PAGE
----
:: Short Biography
I work for the Applications Research Center at Motorola Labs where I work in the general area of mobile computing systems. My research includes designing enablers for next generation mobile systems, mobile middleware frameworks, Ad-hoc computing and power management. I have also dabbled in Game Theory, Incentive Models and Security for mobile environments.
Specifically, over the past several years at Motorola research, the primary thrust of my work has been in two areas: (i) conceptualizing, architecting, designing, prototyping and evaluating distributed middleware technology that not only enable novel mobile applications, but also advance the state-of-the-art in mobile technology, and (ii) creating "disruptive" applications for next-generation mobile devices. The systems I have worked on have not only been enablers for "cool" applications (and product ideas), but some were designed to study more fundamental underlying research problems. The findings from these studies have been reported at international conferences/journals and have resulted in several patents for Motorola.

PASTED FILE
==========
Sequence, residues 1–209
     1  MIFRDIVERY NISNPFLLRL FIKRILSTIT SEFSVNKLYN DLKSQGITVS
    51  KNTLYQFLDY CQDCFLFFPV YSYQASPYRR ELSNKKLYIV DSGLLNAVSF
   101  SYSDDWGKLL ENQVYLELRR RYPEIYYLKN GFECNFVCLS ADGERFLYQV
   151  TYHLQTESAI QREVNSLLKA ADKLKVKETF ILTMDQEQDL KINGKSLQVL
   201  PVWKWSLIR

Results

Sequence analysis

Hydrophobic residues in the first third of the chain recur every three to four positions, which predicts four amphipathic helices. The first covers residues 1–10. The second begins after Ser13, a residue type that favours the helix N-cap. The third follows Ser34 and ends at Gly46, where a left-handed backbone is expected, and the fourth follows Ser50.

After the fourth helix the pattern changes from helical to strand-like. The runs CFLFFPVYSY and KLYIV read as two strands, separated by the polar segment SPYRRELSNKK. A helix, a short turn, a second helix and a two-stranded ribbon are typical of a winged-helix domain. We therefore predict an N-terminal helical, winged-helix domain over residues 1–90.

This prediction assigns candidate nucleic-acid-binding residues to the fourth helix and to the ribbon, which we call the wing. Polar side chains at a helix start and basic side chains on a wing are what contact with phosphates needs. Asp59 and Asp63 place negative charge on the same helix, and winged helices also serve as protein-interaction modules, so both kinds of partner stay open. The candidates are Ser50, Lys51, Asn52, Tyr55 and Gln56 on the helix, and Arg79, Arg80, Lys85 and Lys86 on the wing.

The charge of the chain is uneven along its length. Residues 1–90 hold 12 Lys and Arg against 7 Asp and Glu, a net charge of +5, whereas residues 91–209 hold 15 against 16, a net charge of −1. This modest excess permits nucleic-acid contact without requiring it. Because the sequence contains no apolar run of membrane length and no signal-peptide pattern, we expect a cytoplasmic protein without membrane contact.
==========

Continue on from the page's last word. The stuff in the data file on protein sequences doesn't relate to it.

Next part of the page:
Before that, as part of my doctoral dissertation research on energy optimization on mobile systems, I proposed the use of distributed middleware architecture to dynamically capture global system state and coordinate energy adaptation strategies across various levels of system hierarchy. To achieve this, I designed a set of interfaces that facilitated bidirectional data flow and information exchange between the various system components. Using the prototype, I demonstrated that such a coordinated approach could achieve significant energy savings on mobile systems.
:: Work Experience / Education
| F5 Networks (current)
| Pervasive Platforms and Architectures Lab, Motorola Research Labs
| Ph.D. in Computer Science at University of California, Irvine.
(Thesis: Cross-Layer Power Optimization on Mobile Devices).
| M.S. in Computer Science at University of California, Irvine.
| B.E.(Hons) Computer Science, BITS, Pilani (India)